word "nochri" is incorrect (which I am not), it has nevertheless become
established as a nusach, and to declare that it should be abolished is

>Two examples, that of "aleinu leshabeach," and that of "velamalshinim
>al tehi tikvah" suggest that many did come back to the original

With regards to the prayer of "Aleinu le'shabayach", I presume reference
is being made to the sentence of, "For they bow to vanity and emptiness
and pray to a god who helps not".  Artscroll comments that in the year
1400 a baptised Jew spread the slander that this sentence was meant as a
slur against Christianity.  He based this allegation on the coincidence
that the numeral value of "vo'rik" (emptiness) is 316, the same as as
the numerical value of Yeshu, the Hebrew name of the Christian messiah.
(This story is also reported in The Encyclopaedia Of Jewish Prayer by
Macy Nulman.)  This charge was refuted again and again, particularly by
Manasseh ben Israel in the 17th century, but repeated persecutions and
Church insistence caused this sentence to be dropped from Ashkenazi
siddurim.  While most congregations have not returned it to the Aleinu
prayer, some prominent authorities, among them Rabbi Yehoshua Leib
Diskin, insist that Aleinu be recited in its original form.  [End of

In their Rosh Hashanah Machzor, Artscroll says this sentence was part of
the text originally included by the Sages in the Rosh Hashanah Musaf
service.  Although it was later deleted from the siddurim by Christian
censors, Rabbu Yehoshua Leid Diskin and others insist that at least in
Mussaf it must be recited in its entirety.  [End of quote.]

These two comments from Artscroll do not seem to be entirely consistent
with each other, but both imply that this sentence has not been
universally re-accepted in Ashkenazi siddurim.  Even the Artscroll
siddur has this sentence in parentheses.  Furthermore, the phrase in
question does not include Moslems (who pray to the same God that we Jews
do) - unsurprising, given that Aleinu was written before the advent of
Islam.  Does this mean that this sentence is anachronistic and
irrelevant, even if it is from Isaiah 45:20?

With regards to the blessing of "ve'lamalshinim", various versions of
the text for this blessing seem to exist, some of which differ
fundamentaly in outlook.  For example, one version of this blessing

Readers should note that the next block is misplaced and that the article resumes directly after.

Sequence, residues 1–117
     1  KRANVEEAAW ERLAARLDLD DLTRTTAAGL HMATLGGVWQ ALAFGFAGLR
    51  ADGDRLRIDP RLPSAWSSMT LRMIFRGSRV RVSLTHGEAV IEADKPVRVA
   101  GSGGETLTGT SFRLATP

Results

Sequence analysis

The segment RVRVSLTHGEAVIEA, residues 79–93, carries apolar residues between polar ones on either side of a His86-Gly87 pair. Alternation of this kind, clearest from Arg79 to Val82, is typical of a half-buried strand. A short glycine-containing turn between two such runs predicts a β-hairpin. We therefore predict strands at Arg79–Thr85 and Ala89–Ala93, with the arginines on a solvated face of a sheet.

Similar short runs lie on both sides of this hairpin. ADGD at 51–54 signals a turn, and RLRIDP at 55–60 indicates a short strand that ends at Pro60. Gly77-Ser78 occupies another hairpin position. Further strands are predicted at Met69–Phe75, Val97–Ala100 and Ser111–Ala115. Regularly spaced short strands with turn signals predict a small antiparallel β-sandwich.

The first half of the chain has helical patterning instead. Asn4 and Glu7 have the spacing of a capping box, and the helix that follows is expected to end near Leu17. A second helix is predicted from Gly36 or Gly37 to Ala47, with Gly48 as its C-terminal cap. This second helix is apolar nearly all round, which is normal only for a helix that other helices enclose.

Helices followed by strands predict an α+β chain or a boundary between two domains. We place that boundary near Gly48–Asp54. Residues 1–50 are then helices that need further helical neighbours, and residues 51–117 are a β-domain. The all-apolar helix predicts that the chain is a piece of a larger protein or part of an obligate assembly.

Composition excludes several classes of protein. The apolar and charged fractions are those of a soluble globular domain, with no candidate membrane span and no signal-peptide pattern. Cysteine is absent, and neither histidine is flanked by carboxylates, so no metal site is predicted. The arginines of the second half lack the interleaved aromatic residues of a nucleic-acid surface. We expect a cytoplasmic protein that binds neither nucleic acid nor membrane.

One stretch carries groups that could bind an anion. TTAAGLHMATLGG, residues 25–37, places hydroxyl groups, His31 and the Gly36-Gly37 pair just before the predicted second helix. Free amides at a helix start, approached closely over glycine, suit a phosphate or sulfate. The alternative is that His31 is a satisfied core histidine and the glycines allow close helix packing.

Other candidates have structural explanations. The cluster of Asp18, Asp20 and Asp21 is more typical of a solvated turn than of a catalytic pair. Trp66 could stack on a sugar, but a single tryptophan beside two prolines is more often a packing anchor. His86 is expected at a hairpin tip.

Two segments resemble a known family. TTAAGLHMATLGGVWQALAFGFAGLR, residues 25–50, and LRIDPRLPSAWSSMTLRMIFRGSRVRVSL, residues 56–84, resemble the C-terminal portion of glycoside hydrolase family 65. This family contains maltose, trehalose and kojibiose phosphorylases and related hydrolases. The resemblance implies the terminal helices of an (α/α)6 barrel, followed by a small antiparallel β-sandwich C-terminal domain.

says, "ve'chol ho'rishoh ko'regga tovaid" ("and may all evil immediately
vanish"), whereas another version refers to "ve'chol ossai rishoh" ("and
all doers of evil") instead.  The first version asks for the evil to
vanish and thereby give the doers of evil opportunity to repent, whereas
the second version calls for the destruction of the doers of evil
without giving them the opportunity to repent.  There are also
differences as to whether the text is "oyevecho" or "oyevai amechoh",
and "ha'zaidim" or "u'malchus zoddon".  Given that various versions
exist and are in use nowadays, has this blessing indeed come back to its
original wording?

> He notes that there are two traditions of it, "shelo asani goy," and
>"she'asani Israel".

There are problems with saying "she'asani Yisroel", as saying this
blessing precludes one from then being able to say "who has not made me
a slave".  The reason why one makes a blessing for not having been made
a non-Jew is that as a Jew one has the opportunity to be able to fulfill
more of Hashem's commandments.  In the blessing for not having been made
a slave, this is referring to a Canaanite slave, who has more
obligations than a non-Jew but not as many as a Jew, so one thanks
Hashem for not having been created with a "halfway house" level of

Dayan Lerner in his book "The Minhag Of The United Synagogue" explains
that this blessing is recited in the negative form of "who has not made
me a non-Jew" as opposed to the positive form of "who has made me a Jew"
in deference to a unanimous decision of Beis Shammai and Beis Hillel
after an ongoing debate lasting two and a half years that "It would have
been better for man not to have been created" (Eruvin 13b).  It was
felt, therefore, that the positive form of the blessing would be
contrary to this decision.

>However, the nosach "shelo asani goy" is not even mentioned by him, nor
>by Lieberman or others as it is clear to all that "shelo asani nochri"
>was created by the censorship process.

(The first line here may be a mistype, and should say that "shelo asani
nochri" is not even mentioned by him or Lieberman.)  I disagree with
this as the Ba'al Va'yetar Yitzchak gave his reasons for changing "goy"
to"nochri" on the grounds that "goy" refers to a nation and "nochri" to